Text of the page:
Narrowly, Charles Decides Stadium Is Worth Risk

By Philip Rucker
Washington Post Staff Writer
Sunday, July 1, 2007

In signing the contract to build a minor league baseball stadium last week, the Charles County commissioners agreed that the government will finance the team owner's share of the construction costs under the county's low-interest bonds.

The commissioners voted, 3 to 2, to adopt the new financing structure, under which the county assumes the team owner's debt of about $8.5 million and receives annual payments for 15 years from the company. The arrangement gives the owner -- Maryland Baseball -- access to lower-interest bonds than those available on the commercial market.

In exchange, Maryland Baseball will make a one-time payment of $1 million to the county to cover potential construction-cost overruns for the $25.6 million ballpark, which is set to open in May.

"In our view, that's a very responsible and prudent way to make sure that there's an adequate cushion that would protect us from any unanticipated or unexpected cost," said Commissioner Gary V. Hodge (D-St. Charles), who introduced the motion to approve the financing arrangement.

The commissioners discussed the agreement during a lengthy closed-door session Wednesday night with staff, including a lawyer. The 3 to 2 divide marked one of the few times the board has split on a high-profile issue.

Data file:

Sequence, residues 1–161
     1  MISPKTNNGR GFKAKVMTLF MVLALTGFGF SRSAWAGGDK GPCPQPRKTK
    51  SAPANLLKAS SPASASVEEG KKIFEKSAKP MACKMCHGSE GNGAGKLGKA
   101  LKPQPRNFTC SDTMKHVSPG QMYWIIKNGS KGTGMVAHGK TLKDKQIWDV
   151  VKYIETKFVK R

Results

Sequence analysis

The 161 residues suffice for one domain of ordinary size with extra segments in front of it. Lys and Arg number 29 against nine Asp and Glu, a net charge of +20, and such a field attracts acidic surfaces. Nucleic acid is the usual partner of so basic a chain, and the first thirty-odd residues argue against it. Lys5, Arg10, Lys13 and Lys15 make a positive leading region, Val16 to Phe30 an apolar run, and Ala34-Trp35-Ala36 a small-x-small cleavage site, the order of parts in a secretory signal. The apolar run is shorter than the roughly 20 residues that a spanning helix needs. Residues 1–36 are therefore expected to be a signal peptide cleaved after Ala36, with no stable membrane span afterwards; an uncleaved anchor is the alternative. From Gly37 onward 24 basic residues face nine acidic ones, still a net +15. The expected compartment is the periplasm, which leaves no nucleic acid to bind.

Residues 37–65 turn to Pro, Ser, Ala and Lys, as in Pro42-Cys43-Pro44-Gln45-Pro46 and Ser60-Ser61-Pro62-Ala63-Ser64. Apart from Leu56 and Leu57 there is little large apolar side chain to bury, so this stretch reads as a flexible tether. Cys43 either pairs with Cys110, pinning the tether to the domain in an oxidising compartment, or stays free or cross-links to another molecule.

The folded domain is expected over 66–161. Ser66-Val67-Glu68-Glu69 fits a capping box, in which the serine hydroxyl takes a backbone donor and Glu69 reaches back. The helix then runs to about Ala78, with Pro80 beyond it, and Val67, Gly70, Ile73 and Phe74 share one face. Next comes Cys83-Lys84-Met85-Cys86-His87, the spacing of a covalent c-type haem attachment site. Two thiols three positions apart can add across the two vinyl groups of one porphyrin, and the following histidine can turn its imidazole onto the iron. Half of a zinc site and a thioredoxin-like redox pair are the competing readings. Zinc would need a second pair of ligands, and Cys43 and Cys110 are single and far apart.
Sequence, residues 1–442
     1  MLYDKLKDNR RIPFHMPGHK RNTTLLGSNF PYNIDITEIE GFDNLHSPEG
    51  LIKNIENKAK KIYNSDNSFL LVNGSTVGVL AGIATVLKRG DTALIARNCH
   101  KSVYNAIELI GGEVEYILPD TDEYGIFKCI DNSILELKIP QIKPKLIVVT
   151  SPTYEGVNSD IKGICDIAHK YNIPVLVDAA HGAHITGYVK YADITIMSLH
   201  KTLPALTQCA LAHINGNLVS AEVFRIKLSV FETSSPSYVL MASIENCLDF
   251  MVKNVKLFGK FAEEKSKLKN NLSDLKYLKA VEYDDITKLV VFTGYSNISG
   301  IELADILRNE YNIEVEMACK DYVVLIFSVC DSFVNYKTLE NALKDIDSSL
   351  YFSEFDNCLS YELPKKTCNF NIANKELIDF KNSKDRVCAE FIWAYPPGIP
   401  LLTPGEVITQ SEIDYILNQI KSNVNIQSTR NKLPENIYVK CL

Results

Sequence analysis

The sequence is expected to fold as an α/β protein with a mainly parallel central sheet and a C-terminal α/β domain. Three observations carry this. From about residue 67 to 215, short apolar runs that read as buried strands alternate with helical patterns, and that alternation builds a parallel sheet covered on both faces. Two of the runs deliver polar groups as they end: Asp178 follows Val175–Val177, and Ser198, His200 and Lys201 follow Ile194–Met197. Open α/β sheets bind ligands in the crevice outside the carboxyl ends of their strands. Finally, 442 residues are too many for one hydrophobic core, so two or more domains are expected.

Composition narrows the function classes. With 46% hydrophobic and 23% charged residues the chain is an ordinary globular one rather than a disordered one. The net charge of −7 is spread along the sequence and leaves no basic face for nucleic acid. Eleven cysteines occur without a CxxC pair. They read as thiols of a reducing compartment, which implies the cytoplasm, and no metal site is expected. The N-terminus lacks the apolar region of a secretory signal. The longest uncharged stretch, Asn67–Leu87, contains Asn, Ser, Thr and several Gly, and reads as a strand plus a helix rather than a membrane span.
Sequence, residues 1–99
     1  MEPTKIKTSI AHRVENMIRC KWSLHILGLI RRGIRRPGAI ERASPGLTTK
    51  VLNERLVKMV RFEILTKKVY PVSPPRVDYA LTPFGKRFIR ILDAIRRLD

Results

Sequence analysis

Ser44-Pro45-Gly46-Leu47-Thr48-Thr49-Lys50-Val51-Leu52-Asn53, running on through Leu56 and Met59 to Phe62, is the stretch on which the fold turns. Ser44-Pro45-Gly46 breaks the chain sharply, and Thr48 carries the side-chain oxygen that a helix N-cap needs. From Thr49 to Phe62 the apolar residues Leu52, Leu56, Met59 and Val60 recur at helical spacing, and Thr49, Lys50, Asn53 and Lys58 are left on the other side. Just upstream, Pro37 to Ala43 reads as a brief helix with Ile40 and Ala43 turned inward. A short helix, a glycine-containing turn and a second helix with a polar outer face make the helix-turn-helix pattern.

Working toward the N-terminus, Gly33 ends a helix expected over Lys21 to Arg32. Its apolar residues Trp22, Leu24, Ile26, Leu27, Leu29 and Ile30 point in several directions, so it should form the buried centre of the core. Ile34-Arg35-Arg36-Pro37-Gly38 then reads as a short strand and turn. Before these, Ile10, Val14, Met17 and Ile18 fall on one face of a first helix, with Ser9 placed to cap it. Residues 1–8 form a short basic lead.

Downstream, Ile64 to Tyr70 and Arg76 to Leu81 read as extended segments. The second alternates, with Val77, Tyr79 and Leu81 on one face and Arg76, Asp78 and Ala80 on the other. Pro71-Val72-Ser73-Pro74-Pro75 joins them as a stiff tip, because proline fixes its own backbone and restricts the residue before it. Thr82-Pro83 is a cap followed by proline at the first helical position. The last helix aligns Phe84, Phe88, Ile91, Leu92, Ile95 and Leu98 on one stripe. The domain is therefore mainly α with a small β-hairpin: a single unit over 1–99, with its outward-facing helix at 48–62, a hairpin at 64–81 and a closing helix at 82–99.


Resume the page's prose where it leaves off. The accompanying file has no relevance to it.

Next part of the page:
Commissioners President Wayne Cooper (D-At Large) and Commissioners Vice President Edith J. Patterson (D-Pomfret) voted against the financing plan because they said assuming the team owner's debt over 15 years would be too risky.

Although Cooper said he supports the stadium, he said, "the financial risk would not be worth the financial gain."

Cooper said the county asked Maryland Baseball to provide copies of tax returns, independent audits or fiscal statements to verify the company's financial stability and long-term ability to make the bond payments. He said the company declined to provide such documentation.

"They would not do that," Cooper said. "I didn't feel like I had been supplied enough backup or enough collateral for a bond."

County Attorney Roger L. Fink said Maryland Baseball was not required to provide financial records.

"They're a small, limited liability company, which is not publicly traded, so their obligation to reveal their finances is less than for publicly traded companies," Fink said.

Under the approved agreement, Maryland Baseball will give the county one annual payment as well as profits from box seats, concessions and naming rights in the event that the company defaults on its loan.

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